Lawrence Arabia’s Breezy Absolute Truth

Included in a roundup of the best Australian LPs that might have passed you by in the past months, (the Guardian includes a caveat) is Christchurch-born Lawrence Arabia’s latest, Absolute Truth.

“The lyrics of musician Lawrence Arabia (James Milne) are snort-out-loud funny but in the manner of Oscar Wilde, they ring true too,’ Kate Hennessy writes. “‘I was so fresh and foolish/Bold and bullish, kind of toolish,’ he sings on Brain Gym.

“Milne’s fourth album of wry symphonic pop is out on seminal Dunedin label Flying Nun. On his last (excellent) record, Milne made genres like ragtime seem easy and he’s similarly breezy here. There’s a hint of Lambchop’s mid-afternoon languor on The Old Dancefloor and Yo La Tengo’s poised mid-tempo rock. Elsewhere, Milne tosses yacht rock overboard in favour of shameless cruise-ship schmaltz. On Another Century you imagine him as the performer on a late-70s liner, singing for passengers in puffy bathing suits with bronzed leathery skin. Its syrupy swooping strings, fresh-faced falsetto and ‘shooby do wop’ choruses stroll dangerously close to parody, but like Beck circa Midnight Vultures, if you embrace the role-play it’s fun as hell.”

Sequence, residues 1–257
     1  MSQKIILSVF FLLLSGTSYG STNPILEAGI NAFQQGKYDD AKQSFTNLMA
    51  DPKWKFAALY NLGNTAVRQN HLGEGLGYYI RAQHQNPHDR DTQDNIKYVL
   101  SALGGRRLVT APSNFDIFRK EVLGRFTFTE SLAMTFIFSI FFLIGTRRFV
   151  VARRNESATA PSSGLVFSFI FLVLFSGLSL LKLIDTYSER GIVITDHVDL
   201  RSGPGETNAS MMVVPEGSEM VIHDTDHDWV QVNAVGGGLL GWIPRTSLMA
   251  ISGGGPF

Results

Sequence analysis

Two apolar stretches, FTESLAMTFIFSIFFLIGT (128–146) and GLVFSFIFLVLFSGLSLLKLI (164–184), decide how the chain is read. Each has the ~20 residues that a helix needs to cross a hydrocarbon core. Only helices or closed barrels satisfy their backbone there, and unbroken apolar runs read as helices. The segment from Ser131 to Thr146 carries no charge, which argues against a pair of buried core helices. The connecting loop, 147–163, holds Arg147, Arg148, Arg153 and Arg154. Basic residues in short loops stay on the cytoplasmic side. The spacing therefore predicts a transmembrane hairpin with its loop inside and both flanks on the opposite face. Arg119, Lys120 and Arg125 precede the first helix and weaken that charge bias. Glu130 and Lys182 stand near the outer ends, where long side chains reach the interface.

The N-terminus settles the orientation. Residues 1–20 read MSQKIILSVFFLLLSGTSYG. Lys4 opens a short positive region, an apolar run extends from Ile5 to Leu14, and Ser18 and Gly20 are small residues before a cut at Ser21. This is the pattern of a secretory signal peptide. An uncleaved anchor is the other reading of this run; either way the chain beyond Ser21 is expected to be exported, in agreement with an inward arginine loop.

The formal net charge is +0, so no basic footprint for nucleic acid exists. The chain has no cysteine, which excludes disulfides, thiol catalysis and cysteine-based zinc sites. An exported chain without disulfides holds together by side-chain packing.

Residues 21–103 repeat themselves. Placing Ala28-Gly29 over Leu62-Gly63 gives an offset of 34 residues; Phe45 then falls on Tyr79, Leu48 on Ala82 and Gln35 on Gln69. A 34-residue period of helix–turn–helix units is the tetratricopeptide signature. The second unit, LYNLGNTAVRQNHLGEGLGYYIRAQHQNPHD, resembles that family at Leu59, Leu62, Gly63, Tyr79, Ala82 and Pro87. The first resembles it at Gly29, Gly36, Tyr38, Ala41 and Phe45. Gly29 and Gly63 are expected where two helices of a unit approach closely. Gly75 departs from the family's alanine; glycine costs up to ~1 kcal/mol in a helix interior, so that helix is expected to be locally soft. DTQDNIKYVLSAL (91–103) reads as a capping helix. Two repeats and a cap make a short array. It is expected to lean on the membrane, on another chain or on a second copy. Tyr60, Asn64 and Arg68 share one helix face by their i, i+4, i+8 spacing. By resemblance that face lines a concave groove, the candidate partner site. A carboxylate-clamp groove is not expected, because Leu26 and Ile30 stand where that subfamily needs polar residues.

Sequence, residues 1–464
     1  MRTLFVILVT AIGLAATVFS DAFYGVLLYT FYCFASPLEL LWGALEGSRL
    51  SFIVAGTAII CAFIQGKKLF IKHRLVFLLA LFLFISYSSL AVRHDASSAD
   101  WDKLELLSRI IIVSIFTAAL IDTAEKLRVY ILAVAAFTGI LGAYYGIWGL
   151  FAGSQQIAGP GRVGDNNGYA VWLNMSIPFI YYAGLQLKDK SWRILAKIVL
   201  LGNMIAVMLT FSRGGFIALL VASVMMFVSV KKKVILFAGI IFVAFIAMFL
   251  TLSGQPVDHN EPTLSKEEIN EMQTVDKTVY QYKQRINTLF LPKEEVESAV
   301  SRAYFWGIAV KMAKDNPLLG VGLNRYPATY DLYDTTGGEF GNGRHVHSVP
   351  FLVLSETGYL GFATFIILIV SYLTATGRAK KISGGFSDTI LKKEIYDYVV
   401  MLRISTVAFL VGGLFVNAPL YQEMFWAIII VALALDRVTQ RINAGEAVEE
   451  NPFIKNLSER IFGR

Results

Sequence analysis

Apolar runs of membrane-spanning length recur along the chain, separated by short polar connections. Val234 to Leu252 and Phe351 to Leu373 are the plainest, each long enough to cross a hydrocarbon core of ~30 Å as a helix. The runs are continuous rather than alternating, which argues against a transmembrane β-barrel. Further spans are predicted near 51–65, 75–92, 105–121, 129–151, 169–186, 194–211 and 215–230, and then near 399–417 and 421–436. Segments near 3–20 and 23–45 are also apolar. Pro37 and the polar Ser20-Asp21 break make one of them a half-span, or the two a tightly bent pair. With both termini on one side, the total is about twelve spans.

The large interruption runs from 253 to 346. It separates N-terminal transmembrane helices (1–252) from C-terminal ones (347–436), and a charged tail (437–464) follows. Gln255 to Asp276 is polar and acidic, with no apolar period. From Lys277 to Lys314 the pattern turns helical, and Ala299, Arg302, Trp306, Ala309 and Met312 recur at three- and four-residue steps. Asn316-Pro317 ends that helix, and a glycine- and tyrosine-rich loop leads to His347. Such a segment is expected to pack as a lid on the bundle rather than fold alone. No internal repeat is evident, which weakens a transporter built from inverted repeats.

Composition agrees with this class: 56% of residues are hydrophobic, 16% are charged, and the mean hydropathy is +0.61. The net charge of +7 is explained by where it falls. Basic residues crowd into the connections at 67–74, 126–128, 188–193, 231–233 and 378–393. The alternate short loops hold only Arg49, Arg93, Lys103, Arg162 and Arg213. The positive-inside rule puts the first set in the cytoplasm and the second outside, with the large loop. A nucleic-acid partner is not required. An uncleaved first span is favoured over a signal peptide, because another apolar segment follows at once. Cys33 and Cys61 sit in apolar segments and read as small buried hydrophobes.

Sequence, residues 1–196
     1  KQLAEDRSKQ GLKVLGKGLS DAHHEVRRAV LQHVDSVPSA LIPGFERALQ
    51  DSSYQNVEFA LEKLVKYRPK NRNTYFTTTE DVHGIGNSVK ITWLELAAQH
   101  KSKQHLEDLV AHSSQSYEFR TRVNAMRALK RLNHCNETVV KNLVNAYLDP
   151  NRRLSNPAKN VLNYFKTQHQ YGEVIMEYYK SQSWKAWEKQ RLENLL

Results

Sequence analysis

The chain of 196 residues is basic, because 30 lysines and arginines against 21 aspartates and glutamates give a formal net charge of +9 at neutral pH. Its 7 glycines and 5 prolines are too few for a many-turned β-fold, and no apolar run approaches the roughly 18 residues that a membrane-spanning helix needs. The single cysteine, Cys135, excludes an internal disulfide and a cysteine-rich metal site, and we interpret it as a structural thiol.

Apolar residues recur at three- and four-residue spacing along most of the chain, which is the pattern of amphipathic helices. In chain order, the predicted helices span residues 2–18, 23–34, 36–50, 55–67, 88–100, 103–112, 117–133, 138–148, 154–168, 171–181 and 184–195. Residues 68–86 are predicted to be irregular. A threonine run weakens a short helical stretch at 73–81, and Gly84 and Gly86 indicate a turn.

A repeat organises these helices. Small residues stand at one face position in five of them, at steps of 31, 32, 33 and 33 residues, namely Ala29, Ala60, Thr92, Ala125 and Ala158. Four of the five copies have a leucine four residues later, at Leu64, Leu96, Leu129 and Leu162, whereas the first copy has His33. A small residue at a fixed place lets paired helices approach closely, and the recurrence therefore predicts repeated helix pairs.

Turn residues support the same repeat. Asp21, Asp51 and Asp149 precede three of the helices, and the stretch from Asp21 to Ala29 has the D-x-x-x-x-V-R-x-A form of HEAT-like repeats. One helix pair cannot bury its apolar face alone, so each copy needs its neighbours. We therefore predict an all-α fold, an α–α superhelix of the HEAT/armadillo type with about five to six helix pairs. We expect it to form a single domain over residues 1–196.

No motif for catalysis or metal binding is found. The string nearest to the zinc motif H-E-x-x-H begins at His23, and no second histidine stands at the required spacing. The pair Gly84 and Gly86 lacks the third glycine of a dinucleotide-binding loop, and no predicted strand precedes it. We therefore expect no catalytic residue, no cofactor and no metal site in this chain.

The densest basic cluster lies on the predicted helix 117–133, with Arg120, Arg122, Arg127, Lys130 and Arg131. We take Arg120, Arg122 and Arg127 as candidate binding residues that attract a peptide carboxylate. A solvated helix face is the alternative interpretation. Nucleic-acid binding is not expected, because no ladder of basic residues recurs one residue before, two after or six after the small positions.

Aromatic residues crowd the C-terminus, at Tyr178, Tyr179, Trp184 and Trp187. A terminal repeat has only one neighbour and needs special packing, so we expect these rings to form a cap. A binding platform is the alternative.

Milne toured the US as bassist for Auckland-based pop group The Brunettes, and as drummer for Ryan McPhun’s Ruby Suns.

He was born in 1981.

Original article by Kate Hennessy, The Guardian, October 11, 2016.

Tags: Absolute Truth  Flying Nun  Guardian (The)  James Milne  Lawrence Arabia  

Behind the Mic with Groundbreaker Rikki Swannell

Behind the Mic with Groundbreaker Rikki Swannell

World Rugby talks to New Zealander Rikki Swannell about becoming the first female lead commentator on the men’s HSBC World Rugby Sevens Series and her life in sports broadcasting. As an experienced…